A Comprehensive Analysis of Sex and Race Inequities in Unemployment Insurance Benefits

Article excerpt

This research makes a unique contribution to the growing body of literature on the welfare system by examining the relationship between sex, race, and social insurance benefits in a rural state. Using data from the West Virginia Unemployment Compensation Program, this research investigates sex and race differences in (1) monetary disqualifications for unemployment insurance (UI) benefits and (2) separation issue and nonseparation issue disqualifications of UI benefits. The analyses indicate that unemployed women, people of color, younger, and low income workers are the most likely to fail the monetary qualifications for UI benefits and to lose qualified weeks of UI benefits.

Keywords: gender, inequities, racial inequities, unemployment, unemployment insurance, benefits, distribution of benefits, social insurance benefits

Introduction

An individual's occupation determines his or her social status, income, potential for advancement, type of benefits, the potential for unemployment, and even the resources available to them if they become unemployed. The type of jobs available to workers in the United States has changed drastically over the last 25 years. High-wage manufacturing jobs have been steadily replaced by part-time, contingency, and/or service employment (Schram 1995; Wilson 1997). Jobs in the service industry are known for their minimum wage dependence, lack of unionization, limited job benefits, and limited job security. Consequently, as the service sector continues to grow, so does the potential economic vulnerability and hardship of our labor force.

The Unemployment Insurance (UI) program is one part of the welfare system that is supposed to address the problems associated with such labor market vulnerability. The question many social scientists have raised is the overall effectiveness and fairness of this program, particularly for women and people of color (Amott 1990; Bassi and McMurrer 1997; Bingham 1995; Blaustein 1993; Gordon 1994; Latimer 1999; Maranville 1992; Mink 1990; Nelson 1990; Pearce 1990; Pearce 1986; Pearce and McAdoo 1981).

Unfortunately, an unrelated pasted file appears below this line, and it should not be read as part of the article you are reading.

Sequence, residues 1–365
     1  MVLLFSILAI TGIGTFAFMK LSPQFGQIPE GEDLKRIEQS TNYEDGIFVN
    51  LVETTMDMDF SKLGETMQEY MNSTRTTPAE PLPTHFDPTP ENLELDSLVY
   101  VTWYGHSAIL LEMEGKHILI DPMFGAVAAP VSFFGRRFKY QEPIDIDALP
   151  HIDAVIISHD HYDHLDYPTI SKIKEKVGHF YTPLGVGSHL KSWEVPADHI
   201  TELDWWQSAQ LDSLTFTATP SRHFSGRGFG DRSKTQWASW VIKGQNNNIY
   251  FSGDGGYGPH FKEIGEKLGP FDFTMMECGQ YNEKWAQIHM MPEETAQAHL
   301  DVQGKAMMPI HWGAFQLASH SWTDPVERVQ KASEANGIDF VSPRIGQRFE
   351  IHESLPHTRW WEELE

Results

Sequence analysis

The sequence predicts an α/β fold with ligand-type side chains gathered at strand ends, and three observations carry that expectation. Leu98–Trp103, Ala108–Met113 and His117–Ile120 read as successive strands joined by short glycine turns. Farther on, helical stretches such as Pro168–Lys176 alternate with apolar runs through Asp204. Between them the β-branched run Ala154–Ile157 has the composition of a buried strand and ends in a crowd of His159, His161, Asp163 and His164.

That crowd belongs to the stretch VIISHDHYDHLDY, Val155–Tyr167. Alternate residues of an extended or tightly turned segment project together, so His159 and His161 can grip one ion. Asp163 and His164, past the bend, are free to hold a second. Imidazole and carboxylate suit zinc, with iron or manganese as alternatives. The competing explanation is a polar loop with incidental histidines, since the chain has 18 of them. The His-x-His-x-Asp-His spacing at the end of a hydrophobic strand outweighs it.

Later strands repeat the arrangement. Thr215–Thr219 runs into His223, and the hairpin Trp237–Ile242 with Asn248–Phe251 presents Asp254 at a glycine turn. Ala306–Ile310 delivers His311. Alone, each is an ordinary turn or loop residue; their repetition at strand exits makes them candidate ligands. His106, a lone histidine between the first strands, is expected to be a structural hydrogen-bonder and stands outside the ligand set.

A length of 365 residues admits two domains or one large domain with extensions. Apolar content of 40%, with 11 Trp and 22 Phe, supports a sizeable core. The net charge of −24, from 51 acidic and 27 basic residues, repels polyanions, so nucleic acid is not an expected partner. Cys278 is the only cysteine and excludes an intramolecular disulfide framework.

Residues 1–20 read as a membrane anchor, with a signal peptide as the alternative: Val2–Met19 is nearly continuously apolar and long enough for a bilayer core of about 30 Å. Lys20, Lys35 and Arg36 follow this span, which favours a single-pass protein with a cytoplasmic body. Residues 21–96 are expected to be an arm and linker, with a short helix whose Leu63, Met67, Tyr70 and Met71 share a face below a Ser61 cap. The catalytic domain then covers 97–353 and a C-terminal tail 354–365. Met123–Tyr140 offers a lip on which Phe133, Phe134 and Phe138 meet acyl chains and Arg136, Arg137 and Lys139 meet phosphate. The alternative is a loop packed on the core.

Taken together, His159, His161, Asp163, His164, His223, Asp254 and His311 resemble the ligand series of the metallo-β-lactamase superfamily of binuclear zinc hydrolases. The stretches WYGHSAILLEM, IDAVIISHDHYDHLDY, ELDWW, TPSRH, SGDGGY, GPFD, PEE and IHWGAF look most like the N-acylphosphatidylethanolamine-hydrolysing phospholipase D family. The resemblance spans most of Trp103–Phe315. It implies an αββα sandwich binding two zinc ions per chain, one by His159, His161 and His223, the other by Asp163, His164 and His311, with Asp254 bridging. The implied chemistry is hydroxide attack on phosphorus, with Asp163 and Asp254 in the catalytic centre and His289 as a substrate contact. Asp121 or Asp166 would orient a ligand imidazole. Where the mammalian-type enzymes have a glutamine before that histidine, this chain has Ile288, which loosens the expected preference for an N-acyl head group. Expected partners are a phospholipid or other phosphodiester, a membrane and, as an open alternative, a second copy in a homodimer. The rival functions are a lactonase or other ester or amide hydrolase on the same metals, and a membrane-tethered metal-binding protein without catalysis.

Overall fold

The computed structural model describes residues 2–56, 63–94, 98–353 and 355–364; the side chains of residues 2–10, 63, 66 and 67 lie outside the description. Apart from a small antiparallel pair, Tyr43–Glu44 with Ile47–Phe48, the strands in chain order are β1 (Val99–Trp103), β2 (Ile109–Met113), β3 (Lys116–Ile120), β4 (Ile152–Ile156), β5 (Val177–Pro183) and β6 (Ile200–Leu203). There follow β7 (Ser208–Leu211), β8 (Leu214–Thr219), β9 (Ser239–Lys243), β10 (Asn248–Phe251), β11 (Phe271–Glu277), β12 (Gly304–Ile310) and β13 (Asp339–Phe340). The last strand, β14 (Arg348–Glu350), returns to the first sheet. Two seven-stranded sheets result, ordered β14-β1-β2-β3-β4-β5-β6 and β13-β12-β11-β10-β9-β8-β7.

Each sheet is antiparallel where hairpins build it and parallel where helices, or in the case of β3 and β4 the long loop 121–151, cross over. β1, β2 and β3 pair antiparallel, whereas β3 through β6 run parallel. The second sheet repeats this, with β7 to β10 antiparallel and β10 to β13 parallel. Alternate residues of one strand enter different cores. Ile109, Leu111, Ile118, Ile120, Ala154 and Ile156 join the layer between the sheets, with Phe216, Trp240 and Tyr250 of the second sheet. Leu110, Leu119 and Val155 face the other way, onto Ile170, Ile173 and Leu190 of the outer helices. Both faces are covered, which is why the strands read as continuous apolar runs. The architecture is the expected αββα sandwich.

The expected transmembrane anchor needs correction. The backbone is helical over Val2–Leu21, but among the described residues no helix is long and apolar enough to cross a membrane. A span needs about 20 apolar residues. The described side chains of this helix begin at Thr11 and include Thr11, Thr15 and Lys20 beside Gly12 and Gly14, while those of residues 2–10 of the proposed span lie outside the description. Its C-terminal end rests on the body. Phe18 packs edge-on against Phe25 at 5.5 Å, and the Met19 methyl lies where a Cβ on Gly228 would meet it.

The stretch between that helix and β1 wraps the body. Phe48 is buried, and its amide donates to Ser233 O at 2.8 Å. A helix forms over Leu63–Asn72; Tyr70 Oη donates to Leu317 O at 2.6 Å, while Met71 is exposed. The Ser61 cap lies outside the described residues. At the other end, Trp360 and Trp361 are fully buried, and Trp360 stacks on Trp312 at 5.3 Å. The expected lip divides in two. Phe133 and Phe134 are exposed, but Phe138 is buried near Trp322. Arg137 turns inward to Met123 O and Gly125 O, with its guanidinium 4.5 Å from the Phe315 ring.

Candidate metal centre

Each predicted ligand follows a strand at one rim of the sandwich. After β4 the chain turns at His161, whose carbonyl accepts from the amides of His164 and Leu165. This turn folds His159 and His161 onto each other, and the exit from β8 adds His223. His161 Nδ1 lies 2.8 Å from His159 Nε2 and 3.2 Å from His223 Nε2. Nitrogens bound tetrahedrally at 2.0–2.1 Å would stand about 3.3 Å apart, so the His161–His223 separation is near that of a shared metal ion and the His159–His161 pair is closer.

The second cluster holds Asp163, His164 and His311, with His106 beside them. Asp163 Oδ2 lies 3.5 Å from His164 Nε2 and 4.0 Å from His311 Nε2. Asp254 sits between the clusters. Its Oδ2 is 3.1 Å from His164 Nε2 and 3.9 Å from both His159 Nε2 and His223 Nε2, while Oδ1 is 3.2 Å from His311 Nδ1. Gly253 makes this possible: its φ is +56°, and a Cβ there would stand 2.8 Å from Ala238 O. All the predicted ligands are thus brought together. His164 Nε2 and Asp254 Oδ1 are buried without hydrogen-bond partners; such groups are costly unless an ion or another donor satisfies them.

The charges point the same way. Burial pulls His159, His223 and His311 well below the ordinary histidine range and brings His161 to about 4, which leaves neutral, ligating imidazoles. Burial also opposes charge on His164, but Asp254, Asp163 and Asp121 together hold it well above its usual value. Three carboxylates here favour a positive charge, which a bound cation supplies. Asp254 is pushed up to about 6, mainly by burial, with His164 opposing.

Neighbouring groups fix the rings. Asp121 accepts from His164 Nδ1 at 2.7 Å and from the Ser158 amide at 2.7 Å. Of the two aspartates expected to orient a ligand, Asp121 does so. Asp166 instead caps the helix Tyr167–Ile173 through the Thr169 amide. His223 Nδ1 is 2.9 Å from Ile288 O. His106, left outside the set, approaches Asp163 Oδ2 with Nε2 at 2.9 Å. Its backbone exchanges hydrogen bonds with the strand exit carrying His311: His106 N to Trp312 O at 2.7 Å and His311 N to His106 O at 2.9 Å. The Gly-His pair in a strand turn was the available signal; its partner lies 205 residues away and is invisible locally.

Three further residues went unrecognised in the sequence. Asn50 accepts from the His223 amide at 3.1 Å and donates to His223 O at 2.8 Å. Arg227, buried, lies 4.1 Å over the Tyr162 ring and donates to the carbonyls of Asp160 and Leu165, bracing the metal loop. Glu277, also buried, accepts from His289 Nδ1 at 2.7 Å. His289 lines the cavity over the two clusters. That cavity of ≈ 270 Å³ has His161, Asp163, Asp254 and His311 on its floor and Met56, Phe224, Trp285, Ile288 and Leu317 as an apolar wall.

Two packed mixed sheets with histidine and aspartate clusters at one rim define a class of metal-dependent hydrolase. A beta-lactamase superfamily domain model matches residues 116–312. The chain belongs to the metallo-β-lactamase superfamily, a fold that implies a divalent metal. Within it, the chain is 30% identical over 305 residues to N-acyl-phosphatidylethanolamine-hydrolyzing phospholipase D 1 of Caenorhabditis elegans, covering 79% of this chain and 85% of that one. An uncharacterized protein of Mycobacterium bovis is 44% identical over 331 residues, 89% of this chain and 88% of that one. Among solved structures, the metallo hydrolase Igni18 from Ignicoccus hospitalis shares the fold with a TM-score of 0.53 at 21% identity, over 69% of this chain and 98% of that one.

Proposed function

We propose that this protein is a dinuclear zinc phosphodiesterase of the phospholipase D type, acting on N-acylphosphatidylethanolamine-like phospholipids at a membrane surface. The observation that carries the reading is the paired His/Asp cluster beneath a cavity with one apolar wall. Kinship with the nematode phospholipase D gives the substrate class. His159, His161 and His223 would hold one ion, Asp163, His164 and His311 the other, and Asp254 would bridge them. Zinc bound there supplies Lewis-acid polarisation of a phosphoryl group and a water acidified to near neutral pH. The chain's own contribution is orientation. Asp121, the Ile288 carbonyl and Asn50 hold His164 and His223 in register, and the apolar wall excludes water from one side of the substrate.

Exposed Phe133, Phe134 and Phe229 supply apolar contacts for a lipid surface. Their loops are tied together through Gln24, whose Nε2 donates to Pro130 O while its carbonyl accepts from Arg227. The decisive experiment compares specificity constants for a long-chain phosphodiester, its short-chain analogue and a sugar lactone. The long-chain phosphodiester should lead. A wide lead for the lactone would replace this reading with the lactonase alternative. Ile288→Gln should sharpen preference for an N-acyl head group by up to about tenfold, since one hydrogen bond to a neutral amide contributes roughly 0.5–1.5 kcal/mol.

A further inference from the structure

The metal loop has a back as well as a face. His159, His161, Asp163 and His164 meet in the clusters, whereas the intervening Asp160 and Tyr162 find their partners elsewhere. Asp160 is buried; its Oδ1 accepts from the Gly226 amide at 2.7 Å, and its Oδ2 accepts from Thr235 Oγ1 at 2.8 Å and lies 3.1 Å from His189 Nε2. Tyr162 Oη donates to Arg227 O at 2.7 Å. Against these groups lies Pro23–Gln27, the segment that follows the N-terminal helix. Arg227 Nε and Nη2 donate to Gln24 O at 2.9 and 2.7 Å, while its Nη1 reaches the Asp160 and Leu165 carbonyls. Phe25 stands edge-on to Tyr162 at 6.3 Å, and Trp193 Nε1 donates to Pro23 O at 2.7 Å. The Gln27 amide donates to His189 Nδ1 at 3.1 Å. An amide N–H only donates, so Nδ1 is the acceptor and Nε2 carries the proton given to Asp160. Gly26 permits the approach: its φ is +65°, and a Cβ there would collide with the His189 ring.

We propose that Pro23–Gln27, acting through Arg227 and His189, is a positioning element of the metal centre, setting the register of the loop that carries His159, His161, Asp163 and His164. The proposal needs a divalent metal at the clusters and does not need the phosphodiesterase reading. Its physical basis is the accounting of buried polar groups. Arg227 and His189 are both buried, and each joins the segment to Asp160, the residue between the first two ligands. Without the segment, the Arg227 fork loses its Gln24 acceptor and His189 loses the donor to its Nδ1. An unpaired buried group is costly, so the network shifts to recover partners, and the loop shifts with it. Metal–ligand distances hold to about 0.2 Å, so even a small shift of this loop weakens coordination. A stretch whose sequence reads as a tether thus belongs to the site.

This research project makes a unique contribution to the growing body of literature on the welfare system by examining the relationship between sex, race, and social insurance benefits for unemployed West Virginia workers. The primary purpose of this research is to investigate state level trends in receipt of unemployment insurance (UI) for workers who are unemployed and have applied for UI in West Virginia in 1997. Using the feminist scholarship on the welfare state as the overall theoretical framework, this research investigates sex and race differences in (1) unemployment insurance qualification (i.e., whether or not workers monetarily qualify for unemployment insurance benefits once they become unemployed), (2) separation issue disqualifications of UI benefits (i.e., losing eligible weeks of benefits because they voluntarily quit their job, were fired for misconduct, etc.), and (3) nonseparation issue disqualifications of UI benefits (i.e., losing eligible weeks of benefits because they failed to register for work did not accept suitable employment, etc.).

There are several reasons why extensive state-level data are required for this research. First, the major monetary qualification for UI benefits (i.e., the minimum earnings requirement) is state specific (Nicholson 1997). Second, variations in UI receipt may be partly a function of state government policy on unemployment insurance and local variation in administration. Thus, national level data obscures the discretionary power of individual states. In addition, national samples typically do not contain enough cases from rural states to analyze the issues. Even with large data sets that oversample disadvantaged workers (i.e., the National Longitudinal Surveys of Youth-NLSY), many critical questions are left unanswered because the data sets are not designed to examine patterns in UI receipt. …